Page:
Vincent Manoharan (centre), Secretary General of the NCDHR, Dr. Vimal Thorat (left), Co-Convenor and Paul Divakar (right), Convenor received the award on behalf of the organization.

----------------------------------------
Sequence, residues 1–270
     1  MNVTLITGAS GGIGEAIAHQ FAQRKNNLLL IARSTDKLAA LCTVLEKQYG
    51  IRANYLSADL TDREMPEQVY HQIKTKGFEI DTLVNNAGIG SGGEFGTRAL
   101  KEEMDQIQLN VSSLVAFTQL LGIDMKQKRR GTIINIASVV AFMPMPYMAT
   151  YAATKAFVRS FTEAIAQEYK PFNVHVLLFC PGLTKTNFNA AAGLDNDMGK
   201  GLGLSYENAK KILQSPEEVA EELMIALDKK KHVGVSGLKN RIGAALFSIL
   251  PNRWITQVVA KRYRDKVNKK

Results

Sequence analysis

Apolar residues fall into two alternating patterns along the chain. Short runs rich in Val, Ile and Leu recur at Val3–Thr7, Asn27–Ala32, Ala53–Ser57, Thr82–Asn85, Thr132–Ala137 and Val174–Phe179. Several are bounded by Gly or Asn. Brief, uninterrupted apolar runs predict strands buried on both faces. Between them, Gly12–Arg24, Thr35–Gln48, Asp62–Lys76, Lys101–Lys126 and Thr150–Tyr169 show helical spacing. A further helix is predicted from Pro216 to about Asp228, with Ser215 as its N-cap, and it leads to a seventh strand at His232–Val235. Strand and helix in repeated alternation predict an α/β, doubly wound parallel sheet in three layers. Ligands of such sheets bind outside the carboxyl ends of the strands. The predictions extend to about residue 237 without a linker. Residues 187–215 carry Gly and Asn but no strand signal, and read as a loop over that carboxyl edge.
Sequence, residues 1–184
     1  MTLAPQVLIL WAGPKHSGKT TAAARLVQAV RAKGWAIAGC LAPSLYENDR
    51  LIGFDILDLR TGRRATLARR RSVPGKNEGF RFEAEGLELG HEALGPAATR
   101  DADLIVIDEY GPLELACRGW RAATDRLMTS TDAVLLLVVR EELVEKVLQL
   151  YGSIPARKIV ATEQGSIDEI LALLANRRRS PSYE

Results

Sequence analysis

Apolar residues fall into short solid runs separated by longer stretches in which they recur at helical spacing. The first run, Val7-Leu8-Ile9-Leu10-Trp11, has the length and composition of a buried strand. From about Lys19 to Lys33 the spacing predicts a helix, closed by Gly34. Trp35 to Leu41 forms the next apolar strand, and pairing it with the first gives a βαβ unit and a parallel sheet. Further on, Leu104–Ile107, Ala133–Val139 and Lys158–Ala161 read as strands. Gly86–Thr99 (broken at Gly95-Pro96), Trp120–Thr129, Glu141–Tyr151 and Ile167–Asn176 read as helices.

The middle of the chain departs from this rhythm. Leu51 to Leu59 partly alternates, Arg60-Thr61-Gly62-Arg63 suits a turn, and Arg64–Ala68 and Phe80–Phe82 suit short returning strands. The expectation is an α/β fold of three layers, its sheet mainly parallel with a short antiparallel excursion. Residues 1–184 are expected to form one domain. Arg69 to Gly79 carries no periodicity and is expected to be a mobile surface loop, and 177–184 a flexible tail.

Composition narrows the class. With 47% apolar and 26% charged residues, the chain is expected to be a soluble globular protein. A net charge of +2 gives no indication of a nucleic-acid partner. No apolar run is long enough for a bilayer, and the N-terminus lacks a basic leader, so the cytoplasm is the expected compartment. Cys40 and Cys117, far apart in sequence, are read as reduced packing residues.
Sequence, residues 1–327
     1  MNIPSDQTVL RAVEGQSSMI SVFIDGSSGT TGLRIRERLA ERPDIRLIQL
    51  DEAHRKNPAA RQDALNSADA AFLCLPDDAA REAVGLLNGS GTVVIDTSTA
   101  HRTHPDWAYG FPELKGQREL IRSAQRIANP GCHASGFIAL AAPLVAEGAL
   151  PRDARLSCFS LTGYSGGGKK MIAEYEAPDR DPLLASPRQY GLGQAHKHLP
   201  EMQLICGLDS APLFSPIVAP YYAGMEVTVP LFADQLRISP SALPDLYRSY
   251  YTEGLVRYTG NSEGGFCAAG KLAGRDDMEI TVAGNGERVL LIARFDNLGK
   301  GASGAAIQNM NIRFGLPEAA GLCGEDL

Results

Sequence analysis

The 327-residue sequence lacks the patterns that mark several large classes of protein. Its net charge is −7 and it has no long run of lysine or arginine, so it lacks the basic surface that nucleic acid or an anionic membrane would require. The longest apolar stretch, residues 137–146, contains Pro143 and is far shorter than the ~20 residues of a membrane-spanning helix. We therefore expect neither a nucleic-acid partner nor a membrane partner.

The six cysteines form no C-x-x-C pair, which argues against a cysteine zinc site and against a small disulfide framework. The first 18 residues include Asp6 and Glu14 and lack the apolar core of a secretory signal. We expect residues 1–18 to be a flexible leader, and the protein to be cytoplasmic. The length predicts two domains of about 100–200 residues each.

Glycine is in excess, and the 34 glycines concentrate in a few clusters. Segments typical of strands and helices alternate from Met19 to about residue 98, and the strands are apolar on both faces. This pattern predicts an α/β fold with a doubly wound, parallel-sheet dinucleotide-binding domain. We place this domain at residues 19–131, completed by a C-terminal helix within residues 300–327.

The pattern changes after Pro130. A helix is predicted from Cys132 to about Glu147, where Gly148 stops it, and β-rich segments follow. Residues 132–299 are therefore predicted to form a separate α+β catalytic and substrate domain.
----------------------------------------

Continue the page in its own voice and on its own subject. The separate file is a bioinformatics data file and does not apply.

Of India’s 1,3 billion citizens, 215 million are labelled Scheduled Castes, and to various degrees considered ‘impure’ or ‘untouchable’. These people call themselves Dalits, meaning ‘the downtrodden’. For thousands of years they have suffered humiliation, discrimination, and exclusion by being born into a social and cultural system which fundamentally conflicts with the notion that all human beings are born free with equal rights. The forms of caste-based discrimination vary largely between localities. It traditionally includes that Dalits are only allowed to work in occupations with low status and income, primarily occupations requiring the handling of ‘impure’ material, such as garbage, human and animal waste, animal skin and products of the soil. Dalits customarily; have to live segregated, are often also segregated in schools and in the workplace, are not allowed to hold real estate as property, are not allowed to use public utilities such as roads, water, temples and public office buildings. They are disproportionally poor, undereducated, and victims of violence. Many Dalits work as bonded labour, or in forms of modern day slavery. Caste-based discrimination is prohibited by law in India, but still prevalent, and especially in rural areas.